Friday, October 10, 2014

Save the Monarchs! (Part I)

A few days ago, I posted about how I had multiple monarch caterpillars feeding on my tropical milkweed.  I think I counted up to SEVEN monarch babies on my milkweed last Sunday.  I was so proud of my babies and how I was helping to re-establish the monarch population.  But then Monday came, and I only found two caterpillars.


Nature.  The circle of life. Doomsday for the monarchs.

Apparently the resident birds found the new monarch caterpillar buffet and were coming back for seconds.

It just so happens that same day, I found out that monarch caterpillars only have a 10% survival rate in the wild.  My mom also happened to read my blog post and told me to bring the caterpillars inside, IMMEDIATELY.

Here I was, proud that I had done my part to help the monarchs.  I of course thought that it was my part to just plant the milkweed host plants and let nature run its course.  I figured a couple caterpillars may be lost, but that overall, I would end up with a kaleidoscope of butterflies (yes, that is what a group of butterflies is called) by the end of the month.  Apparently, I was wrong.  It wasn't just enough to plant the host plants for the butterflies.  To help this endangered species, I needed to bring the caterpillars inside and foster them to adulthood if I wanted them to have any chance of survival.

So, I quickly ran out and collected the remaining caterpillars.  All two of them.  I searched online and found the basics I needed to make a habitat for them.  Here is what I ended up with:

  • Plastic container (I used a cereal tupperwear container)
  • Cheesecloth for a ventilating cover
  • At least one stick for each caterpillar
  • Fresh milkweed leaves
10/6/14 (DAY 1):  I placed the two little guys in their new habitat.  They didn't do much moving around the first day.

10/7/14 (DAY 2):  I found another caterpillar outside (YAY!) on the milkweed and brought him in.  The other caterpillars had eaten some of the previous day's milkweed, but I could tell the leaves were starting to dry out and the caterpillars were searching around the top of the container, as if looking for newer and fresher milkweed.  So, I gave it to them, this time, providing a full sprig of milkweed and wrapped the stem in some damp papertowel, to hopefully keep the leaves fresher, longer.  The babies seemed to like it.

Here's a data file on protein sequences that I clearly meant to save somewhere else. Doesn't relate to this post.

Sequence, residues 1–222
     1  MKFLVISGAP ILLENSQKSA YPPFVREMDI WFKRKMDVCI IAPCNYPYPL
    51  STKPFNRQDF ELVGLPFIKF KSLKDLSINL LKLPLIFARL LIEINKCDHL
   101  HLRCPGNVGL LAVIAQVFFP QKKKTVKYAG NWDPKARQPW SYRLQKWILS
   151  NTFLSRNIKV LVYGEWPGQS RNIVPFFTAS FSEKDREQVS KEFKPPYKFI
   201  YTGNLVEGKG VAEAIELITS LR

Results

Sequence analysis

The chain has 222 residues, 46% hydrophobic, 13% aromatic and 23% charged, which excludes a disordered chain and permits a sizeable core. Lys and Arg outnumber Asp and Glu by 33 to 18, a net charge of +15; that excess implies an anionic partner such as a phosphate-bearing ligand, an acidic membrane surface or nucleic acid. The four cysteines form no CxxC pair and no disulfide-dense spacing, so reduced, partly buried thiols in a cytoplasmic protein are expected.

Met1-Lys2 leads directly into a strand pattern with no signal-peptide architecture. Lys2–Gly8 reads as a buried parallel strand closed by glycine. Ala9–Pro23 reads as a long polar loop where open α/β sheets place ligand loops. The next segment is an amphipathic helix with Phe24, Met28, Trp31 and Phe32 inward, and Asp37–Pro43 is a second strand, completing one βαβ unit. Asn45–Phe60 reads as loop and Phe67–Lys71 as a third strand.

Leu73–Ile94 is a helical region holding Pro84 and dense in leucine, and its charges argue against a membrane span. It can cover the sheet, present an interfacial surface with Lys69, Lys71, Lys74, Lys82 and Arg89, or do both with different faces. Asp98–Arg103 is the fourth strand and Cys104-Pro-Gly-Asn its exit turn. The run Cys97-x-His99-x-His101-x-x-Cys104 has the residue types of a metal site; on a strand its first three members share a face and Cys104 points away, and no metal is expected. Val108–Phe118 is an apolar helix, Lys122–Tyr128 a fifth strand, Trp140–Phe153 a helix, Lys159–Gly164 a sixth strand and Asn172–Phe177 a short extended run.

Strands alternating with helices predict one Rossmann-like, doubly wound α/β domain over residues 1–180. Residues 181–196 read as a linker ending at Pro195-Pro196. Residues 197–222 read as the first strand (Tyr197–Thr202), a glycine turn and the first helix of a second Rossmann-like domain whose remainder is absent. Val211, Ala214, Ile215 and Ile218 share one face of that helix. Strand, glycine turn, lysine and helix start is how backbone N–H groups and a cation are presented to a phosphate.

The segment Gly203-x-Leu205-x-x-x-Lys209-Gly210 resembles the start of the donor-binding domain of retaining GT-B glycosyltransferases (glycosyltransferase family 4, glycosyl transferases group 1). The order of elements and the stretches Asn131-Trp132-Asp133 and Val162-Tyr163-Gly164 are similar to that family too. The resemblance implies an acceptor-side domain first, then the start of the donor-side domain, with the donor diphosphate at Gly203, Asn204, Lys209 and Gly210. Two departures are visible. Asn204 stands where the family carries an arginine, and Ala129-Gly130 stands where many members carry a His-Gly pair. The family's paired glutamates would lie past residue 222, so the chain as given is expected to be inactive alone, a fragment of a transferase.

10/8/14 (Day 3):  I received some supplies in the mail from my mom - a collapsible butterfly habitat that is large enough to raise many butterflies, as well as place a whole potted milkweed plant (if I wanted), as well as a butterfly book guide on how to rear butterflies.  My momma is soooo thoughtful!  These were actually hers, as she and my little sister raised some butterflies a couple of years ago.  Since it is starting to freeze in Wisconsin, she said she won't need these for awhile.

 I put some newspaper in the bottom to catch the frass (a.k.a caterpillar poop) and make cleanup easier.  You need to clean the frass out every couple of days, otherwise the caterpillars may eat some of it and get sick and die.  I don't want that.  I also put in some bigger sticks and some nice, fresh milkweed.

I think they like their new home!



  1. On behalf of monarch mommas and babies everywhere I thank you (and your Momma!) for taking in these threatened beauties. It is fascinating to see what can be done to help out. I think with these posts you are providing a great tutorial for any of the rest of us who might find ourselves in your situation, with monarch caterpillars we could offer protection. Keep up the good work!

    1. Thanks, Deb. I'm hoping I get at least two of my three babies to adulthood. I'll keep everyone posted. And next year, now that I'm aware of what I should be doing, hopefully I can save even more.

  2. Very nice! I raised a caterpillar outside this summer in a sheltered spot. He survived to the 5th instar stage, and then one day he crawled off into the Hostas (I'm presuming to form his chrysalis). I never did find a chrysalis nearby, but about 12 days later, two perfect butterflies were mating in the garden. I like to imagine that one of them was the one I fed. They sure do eat tons of Milkweed at the 5th instar stage! Like double what they eat at the earlier stages. Good luck with your monarchs! What fun!

    1. Yay! I'm so glad you were able to rear your caterpillar (most likely) to adulthood. I've heard that once monarchs know that your home has milkweed and a safe place for their young to grow up, that they are very likely to keep coming back. I hope that's the case and that I keep seeing more and more monarchs every year!